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future trends in policing 2014

8 FUTURE TRENDS IN

8 FUTURE TRENDS IN POLICING HOW CAN POLICE TAKE HOT SPOTS ENFORCEMENT TO THE NEXT LEVEL? By Dr. David Weisburd, Director of the Center for Evidence-Based Crime Policy, George Mason University Empirical evidence has become an important part of policing. Perhaps more than any other part of the criminal justice system, evidence-based policy has taken hold in policing, and the police are looking to researchers to help them in defining which policies and practices they should adopt. The National Research Council has argued that the strongest evidence for police effectiveness has come from studies of policing at hot spots. What is the evidence? A series of studies show that crime is very concentrated in urban areas. Indeed, there seems to be a law of crime concentrations in urban areas. In my own research I have found that in Seattle, New York, Sacramento, and Tel Aviv, between 4 and 5 percent of the street segments in a city, intersection to intersection, produce 50 percent of crime. In Seattle, we found that almost the exact same level of concentration of crime existed year to year across 16 years, irrespective of a declining crime trend in the period studied. And just one percent of the streets in Seattle experienced consistently high crime rates during this period, producing almost 25 percent of Seattle’s crime. Importantly, such crime hot spots are not concentrated in a single area, but are spread throughout the city. There are hot spots in so-called “good neighborhoods,” and most streets have very little crime even in so called “bad neighborhoods.” This law of crime concentrations led Lawrence Sherman, Director of the University of Cambridge’s Institute of Criminology, and I to conduct a large randomized field study of hot spots policing, based on Sherman’s finding that most crime calls in Minneapolis were concentrated at a relatively small number of street addresses. Randomly allocating police patrol to crime hot spots, we found that the police could significantly reduce crime on the streets that received hot spots patrol. Our findings were in stark contrast to the prevailing assumption among scholars in the early 1990s that the police could not prevent crime. Subsequent research has confirmed our findings. Rutgers University Professor Anthony Braga and his colleagues identified 21 hot spot field tests, and found that 19 produced significant crime prevention benefits. And there is little evidence of displacement to areas nearby; crime does not simply “move around the corner.” In fact, there is strong evidence today that areas nearby are most likely to improve as a result of hot spots policing programs. Based on this research, I have argued that the police must refocus their paradigm of crime control from one that is centered on offenders to one that is centered on places. By putting an emphasis on reducing opportunities for crime at places, not on waiting for crimes to occur and then arresting offenders, place-based policing offers an approach to crime prevention that can increase public safety while decreasing the human and financial costs of imprisonment for Americans. If place-based policing were to become the central focus of police, rather than the arrest and apprehension of offenders,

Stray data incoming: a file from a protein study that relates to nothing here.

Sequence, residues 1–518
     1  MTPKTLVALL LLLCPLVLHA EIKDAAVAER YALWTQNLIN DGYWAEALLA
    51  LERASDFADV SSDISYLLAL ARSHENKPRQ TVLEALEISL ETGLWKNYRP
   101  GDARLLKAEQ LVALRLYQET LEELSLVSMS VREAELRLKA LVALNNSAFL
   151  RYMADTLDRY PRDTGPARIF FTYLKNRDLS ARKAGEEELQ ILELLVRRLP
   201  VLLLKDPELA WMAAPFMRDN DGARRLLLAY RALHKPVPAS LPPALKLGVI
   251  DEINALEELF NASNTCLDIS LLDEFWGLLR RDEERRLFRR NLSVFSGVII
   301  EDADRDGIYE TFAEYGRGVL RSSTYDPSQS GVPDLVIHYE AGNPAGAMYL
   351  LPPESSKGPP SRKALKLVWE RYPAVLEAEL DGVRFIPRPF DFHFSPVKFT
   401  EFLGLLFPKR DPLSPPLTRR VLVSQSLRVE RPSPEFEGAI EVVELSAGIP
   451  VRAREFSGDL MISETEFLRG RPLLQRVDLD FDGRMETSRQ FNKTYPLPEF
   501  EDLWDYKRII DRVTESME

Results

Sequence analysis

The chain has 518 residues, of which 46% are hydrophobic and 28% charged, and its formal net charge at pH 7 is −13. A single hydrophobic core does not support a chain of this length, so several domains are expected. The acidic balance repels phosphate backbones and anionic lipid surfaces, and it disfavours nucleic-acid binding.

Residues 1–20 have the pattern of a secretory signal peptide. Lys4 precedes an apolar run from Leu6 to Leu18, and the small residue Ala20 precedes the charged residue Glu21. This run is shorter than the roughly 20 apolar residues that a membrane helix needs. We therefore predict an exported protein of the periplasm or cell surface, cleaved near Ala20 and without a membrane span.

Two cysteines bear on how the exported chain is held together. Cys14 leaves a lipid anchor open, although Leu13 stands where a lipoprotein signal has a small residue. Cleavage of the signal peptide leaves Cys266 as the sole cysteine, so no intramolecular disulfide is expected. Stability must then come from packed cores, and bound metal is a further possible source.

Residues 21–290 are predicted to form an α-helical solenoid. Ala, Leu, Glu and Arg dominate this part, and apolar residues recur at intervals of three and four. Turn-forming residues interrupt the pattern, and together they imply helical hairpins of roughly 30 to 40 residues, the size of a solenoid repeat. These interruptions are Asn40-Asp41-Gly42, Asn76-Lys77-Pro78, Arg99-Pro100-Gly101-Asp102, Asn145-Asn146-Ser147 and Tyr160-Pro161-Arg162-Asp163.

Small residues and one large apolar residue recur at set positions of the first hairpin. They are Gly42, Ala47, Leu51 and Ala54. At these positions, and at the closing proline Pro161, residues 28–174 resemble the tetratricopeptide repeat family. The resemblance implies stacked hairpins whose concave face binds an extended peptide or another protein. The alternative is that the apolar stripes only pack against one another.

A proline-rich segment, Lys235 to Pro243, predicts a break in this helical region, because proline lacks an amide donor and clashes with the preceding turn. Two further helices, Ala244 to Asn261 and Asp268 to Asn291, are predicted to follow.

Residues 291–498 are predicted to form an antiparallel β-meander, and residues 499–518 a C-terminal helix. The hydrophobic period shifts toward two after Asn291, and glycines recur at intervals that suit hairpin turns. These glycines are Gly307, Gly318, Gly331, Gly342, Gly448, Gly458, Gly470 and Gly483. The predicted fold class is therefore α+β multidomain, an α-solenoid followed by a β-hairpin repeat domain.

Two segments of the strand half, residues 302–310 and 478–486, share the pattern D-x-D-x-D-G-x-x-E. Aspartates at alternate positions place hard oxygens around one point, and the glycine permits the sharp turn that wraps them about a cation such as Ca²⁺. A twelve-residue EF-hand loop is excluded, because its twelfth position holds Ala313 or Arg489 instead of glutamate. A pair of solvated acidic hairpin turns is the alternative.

Introduction 9 then we likely would see a reduction of prison populations as well as an increase in the crime-prevention effectiveness of the police. Chief Michael Davis, from Brooklyn Park, Minnesota, and I have recently added a new dimension to the promise of hot spots policing. Based on a recent study in which we found many social as well as opportunitybased risk factors for chronic crime hot spots, Davis and I have begun to argue for policing that increases “collective efficacy” 11 and informal social controls at crime hot spots. The focus on crime hot spots provides an opportunity to reduce the scale of social and health interventions. Just as efficiency in patrol can be increased by directing police at chronic crime hot spots, it may also be possible to create greater efficiency in social interventions. In other words, trying to increase collective efficacy and community social controls across a whole neighborhood may simply be too large a task for police and other crime prevention agents. But focusing on just one percent of the city streets may make such interventions realistic. The evidence-based future of policing must include a focus on the small percentage of streets that generate much of the crime in a city. But that focus will be most effective if the police try to use not only strategies that increase surveillance and deterrence, but also ones that try to strengthen the micro-communities of people who live in crime hot spots. 11. Harvard Professor Robert Sampson and his colleagues define collective efficacy as “social cohesion among neighbors combined with their willingness to intervene on behalf of the common good.”

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